Ask the user what they are dissatisfied about. Two reasonable people can reach an outcome satisfying to both, with a mature discussion. If what the user is dissatisfied about is reasonable I will try to change it; if not, I will try to explain what it is not.

  1. What criteria do or would you use to determine when an analysis question is too basic and/or specific and should be closed? For example, what reasons would you give for leaving this question open and closing this question?

Whether close an analysis question or leave it open, is pretty much up to the OP. The closed aforementioned example was a question that didn't show any research and is highly likely that it was a homework question. Moreover, it isn't a question that will last and will be helpful to others as well. I don't mean to say that it will be useless, but it won't be the most-searched question. But a similar, more general question, like How to tell the time signature of a song by listening? is something that a lot of people will need. It is something that a lot of musicians (especially new ones) need help with.

Now, concerning the question that was left open; we can see that OP has a good question, simply because he doesn't say Tell me what is going on here!. He states that the progressions can be explained in some way (ii7-V7-IM7), but there is still some link missing between the 4 different progressions and wonders whether there is something more than an arbitrary connection. The link is something really really interesting and pretty complex, which deserves a question that is left open with a good answer, such as the one it already has.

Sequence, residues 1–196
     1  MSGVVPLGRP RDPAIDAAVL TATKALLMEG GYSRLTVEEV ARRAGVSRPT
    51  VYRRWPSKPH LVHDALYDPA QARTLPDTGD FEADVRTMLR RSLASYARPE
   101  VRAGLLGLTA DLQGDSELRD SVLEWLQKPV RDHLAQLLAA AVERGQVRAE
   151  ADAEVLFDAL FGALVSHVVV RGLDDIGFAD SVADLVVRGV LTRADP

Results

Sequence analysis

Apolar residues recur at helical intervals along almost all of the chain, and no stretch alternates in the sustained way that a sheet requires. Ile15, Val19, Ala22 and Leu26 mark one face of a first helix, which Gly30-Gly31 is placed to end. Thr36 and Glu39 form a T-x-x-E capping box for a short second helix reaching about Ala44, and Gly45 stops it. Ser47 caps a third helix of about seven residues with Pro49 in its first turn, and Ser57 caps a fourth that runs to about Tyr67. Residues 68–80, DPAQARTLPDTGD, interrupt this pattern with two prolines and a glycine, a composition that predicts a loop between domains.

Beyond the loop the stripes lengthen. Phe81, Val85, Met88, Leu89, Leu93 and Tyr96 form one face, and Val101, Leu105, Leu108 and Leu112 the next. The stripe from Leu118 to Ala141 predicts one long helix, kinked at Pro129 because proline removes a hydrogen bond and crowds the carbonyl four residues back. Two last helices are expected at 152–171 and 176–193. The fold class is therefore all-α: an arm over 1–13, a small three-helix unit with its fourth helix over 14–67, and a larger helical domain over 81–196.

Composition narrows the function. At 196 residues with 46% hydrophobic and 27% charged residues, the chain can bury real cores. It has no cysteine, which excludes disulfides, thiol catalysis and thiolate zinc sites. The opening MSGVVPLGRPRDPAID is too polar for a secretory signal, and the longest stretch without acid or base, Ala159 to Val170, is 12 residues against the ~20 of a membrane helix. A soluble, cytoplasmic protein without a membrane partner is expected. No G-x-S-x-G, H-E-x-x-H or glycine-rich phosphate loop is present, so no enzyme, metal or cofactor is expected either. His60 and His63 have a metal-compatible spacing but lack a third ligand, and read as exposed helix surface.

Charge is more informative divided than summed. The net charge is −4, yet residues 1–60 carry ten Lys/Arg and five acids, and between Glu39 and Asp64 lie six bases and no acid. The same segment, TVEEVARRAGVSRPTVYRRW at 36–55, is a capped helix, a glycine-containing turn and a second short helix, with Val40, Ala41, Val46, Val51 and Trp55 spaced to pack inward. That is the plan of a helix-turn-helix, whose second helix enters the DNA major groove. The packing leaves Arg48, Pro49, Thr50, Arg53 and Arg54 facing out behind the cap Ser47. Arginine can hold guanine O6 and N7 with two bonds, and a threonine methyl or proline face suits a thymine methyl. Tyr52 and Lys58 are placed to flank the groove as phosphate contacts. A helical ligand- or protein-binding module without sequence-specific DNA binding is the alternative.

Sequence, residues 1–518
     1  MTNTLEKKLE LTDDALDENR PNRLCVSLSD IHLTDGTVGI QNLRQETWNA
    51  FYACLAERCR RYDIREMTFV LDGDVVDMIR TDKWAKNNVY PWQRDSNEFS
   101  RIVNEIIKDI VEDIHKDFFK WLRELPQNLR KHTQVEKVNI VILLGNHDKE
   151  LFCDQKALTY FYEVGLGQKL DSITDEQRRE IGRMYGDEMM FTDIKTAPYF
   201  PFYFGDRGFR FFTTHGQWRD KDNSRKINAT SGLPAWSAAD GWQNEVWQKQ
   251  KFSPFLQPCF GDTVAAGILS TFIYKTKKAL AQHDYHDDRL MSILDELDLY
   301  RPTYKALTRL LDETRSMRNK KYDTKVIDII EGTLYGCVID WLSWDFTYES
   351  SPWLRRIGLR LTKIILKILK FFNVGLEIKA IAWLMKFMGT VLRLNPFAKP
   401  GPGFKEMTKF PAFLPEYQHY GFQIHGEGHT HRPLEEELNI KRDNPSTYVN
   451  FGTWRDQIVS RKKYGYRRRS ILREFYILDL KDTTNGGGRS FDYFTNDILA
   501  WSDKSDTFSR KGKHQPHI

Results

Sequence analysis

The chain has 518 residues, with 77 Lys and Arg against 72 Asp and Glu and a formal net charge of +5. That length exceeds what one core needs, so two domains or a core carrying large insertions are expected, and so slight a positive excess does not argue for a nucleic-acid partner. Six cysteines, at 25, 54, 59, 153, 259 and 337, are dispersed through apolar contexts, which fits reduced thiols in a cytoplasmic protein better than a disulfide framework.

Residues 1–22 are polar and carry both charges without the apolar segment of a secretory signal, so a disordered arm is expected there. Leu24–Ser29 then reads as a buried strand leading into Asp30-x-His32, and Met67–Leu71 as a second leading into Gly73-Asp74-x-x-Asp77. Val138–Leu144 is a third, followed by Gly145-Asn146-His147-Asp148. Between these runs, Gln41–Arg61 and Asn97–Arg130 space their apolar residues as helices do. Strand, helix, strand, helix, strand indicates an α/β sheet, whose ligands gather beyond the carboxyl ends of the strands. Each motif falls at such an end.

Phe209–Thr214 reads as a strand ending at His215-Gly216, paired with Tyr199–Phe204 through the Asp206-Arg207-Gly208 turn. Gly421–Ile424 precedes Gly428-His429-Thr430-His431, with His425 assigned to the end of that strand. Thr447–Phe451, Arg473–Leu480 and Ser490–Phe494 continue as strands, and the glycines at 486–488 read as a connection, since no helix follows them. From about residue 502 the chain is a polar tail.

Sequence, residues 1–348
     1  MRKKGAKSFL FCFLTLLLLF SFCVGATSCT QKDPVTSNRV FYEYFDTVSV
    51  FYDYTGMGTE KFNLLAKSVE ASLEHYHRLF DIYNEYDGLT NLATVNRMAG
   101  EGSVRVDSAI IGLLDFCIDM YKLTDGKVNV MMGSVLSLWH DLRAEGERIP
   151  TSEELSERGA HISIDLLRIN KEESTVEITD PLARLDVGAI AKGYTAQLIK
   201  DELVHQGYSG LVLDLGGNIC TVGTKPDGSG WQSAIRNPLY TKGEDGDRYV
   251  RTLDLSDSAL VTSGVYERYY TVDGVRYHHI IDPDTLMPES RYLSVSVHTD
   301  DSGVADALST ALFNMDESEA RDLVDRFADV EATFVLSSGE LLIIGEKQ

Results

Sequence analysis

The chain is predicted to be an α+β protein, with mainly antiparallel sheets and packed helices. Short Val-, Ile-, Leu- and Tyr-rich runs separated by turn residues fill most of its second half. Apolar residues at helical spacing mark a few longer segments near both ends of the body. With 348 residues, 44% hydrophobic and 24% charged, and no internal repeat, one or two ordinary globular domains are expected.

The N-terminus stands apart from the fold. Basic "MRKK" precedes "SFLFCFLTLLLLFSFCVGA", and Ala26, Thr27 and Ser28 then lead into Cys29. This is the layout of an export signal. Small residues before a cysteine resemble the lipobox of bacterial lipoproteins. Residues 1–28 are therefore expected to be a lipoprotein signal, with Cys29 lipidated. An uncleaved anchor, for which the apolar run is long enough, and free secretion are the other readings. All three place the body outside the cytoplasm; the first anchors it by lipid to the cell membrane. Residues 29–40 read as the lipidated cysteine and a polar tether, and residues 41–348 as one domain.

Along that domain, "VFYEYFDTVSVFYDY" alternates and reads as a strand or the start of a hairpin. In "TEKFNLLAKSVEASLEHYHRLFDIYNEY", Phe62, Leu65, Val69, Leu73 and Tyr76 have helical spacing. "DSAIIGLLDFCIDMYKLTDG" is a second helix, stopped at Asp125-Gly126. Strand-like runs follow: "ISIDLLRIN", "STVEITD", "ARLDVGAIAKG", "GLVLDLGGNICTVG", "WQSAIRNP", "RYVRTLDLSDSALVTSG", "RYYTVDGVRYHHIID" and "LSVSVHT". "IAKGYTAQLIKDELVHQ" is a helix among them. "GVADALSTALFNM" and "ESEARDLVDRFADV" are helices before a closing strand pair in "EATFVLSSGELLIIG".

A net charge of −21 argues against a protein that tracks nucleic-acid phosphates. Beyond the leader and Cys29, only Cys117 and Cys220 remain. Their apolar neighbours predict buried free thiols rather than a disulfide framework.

1. If you do not moderate on another SE site, do you have any experience moderating a community? Otherwise, if you moderate on other SE sites, how can you be sure that you will have time to moderate all of them? This SE site is currently growing and needs more moderation than before.

The truth is that I don't have much moderating experience to speak of. I've never moderated any SE site; over the last 8 years or so, I've moderated half a dozen forums, but small ones; nothing to speak highly of.

But for the last 2 years that I've been on this site, I've moderating it the way I can; the way the community can help the moderators out. I'm the top reviewer on all the review queues, one of the top editors and a few flags away from 500 (Marshal badge). This might count as a kind of experience.

  1. What one thing do you most wish were different about how Stack Exchange sites work (i.e., what feature would you add, remove, change, etc.)? Would it be different if it had to be one feature or capability that would you most like to have for Music: Practice & Theory specifically?

I wish the no-lists policy was different. For instance, I would like to see questions like What are some good books about jazz theory? etc. I know they are bound to be opinion based, but still up to a point, they will have subjectivity.

Concerning this site, it would differ; like many users (including me) have mentioned on the meta, I would add some kind of musical notation to the specific SE site. It will not only help a lot writing answers but also the answers per se will be more easily read. The latter because a question that has notation, is much more beautiful that one that tries to explain it with words.

  1. What times of the day will you be most active?

I live in Greece, so the time zone is the Eastern European, UTC +2:00.